Study hypotheses

Fine motor proficiency and prevalence of impairment amongst children in the remote Fitzroy Valley, Western Australia were evaluated. We hypothesised that rates of fine motor impairment would be high due suspected high rates of neurodevelopmental and socioeconomic risk factors, including PAE. We also hypothesised that children with PAE, particularly those with FASD, would have the most impairment due to the teratogenic effect of alcohol on the central and peripheral nervous systems involved in performance of fine motor skills.

Study aims

1. Assess and evaluate fine manual control (fine motor precision and fine motor integration) and manual coordination (manual dexterity and upper-limb coordination) in a cohort of children in the Fitzroy Valley.

2. Compare fine motor skills of children (i) without PAE; (ii) with PAE but not FASD; and (iii) with FASD.

3. Determine the prevalence of moderate (≤ 16th percentile) and significant (≤ 2nd percentile) fine motor impairments in the cohort.



We evaluated fine motor data from the Lililwan Project, a population-based study of FASD prevalence in the Fitzroy Valley in the West Kimberley region of northern Western Australia. The Fitzroy Valley has a population of 4500 people living in communities across a 200 km radius, 80% of whom identify as being Australian Aboriginal [28].


All children born in 2002 or 2003 and living in the Fitzroy Valley during 2010 and 2011 were eligible for inclusion. In Stage 1 of the study parents and carers of 127 children (95% participation) provided information about prenatal and childhood exposures, including PAE, antenatal drug exposures, nutrition, living conditions, and exposure to early life trauma [29]. The Alcohol Use Disorders Identification Test – Consumption (AUDIT-C) was used to classify PAE as ‘low’, ‘risky’, or ‘high risk’ [30].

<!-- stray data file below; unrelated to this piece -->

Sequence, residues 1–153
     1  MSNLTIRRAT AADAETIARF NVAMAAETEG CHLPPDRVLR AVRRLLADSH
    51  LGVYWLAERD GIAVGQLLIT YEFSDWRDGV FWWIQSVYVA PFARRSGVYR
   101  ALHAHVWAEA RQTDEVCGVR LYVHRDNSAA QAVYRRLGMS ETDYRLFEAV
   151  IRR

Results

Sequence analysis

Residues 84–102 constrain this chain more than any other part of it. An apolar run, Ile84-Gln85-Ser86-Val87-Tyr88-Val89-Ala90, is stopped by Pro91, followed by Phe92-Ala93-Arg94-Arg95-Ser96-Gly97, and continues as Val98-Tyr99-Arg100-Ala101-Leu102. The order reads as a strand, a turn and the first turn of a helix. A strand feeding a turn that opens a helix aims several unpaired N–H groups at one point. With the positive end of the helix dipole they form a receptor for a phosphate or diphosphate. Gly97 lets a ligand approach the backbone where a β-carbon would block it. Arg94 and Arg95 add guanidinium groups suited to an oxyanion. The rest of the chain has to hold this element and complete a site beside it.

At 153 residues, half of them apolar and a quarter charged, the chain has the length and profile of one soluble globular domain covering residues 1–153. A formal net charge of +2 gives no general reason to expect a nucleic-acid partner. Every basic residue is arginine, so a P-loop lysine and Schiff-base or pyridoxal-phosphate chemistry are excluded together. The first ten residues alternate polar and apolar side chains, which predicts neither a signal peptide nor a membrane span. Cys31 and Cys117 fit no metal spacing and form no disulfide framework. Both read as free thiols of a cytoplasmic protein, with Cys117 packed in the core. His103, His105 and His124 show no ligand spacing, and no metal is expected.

In Stage 2, 108 of the children completed comprehensive neurodevelopmental assessments by qualified paediatricians and allied health practitioners. Attrition occurred because families moved out of the Fitzroy Valley (n = 15); we were unable to locate families or children (n = 3); or clinical assessment was declined (n = 1).

Assessors were blinded to alcohol and other pre and postnatal exposures. Adapted Canadian FASD Diagnostic Guidelines were used to assign FASD diagnoses, including FAS, pFAS, and ND-AE. To be diagnosed with one of the FASD diagnoses, a child was required to have ‘significant’ impairment (defined as ≥2 SD below the mean, or clinically significant variability between subtests on standardised assessments) in a minimum of 3 of 10 neurodevelopmental domains. The diagnoses of pFAS or FAS additionally required evidence of characteristic facial features or growth impairment. A study protocol detailing assessment tools and diagnostic criteria has been published [1]. Children were referred to local health services for medical or therapeutic treatment if required. Families whose child had a FASD diagnosis were referred to a Social Worker and an Indigenous Support Worker with extensive experience working with families affected by FASD. Fine motor skills were assessed in a one hour session by the primary author (RD), an Occupational Therapist with experience working with children in the Fitzroy Valley. Overall motor proficiency and gross motor skills were assessed by a Paediatric Physiotherapist (BRL), and have been reported [31, 32].


The Bruininks-Oseretsky test of motor proficiency (second edition)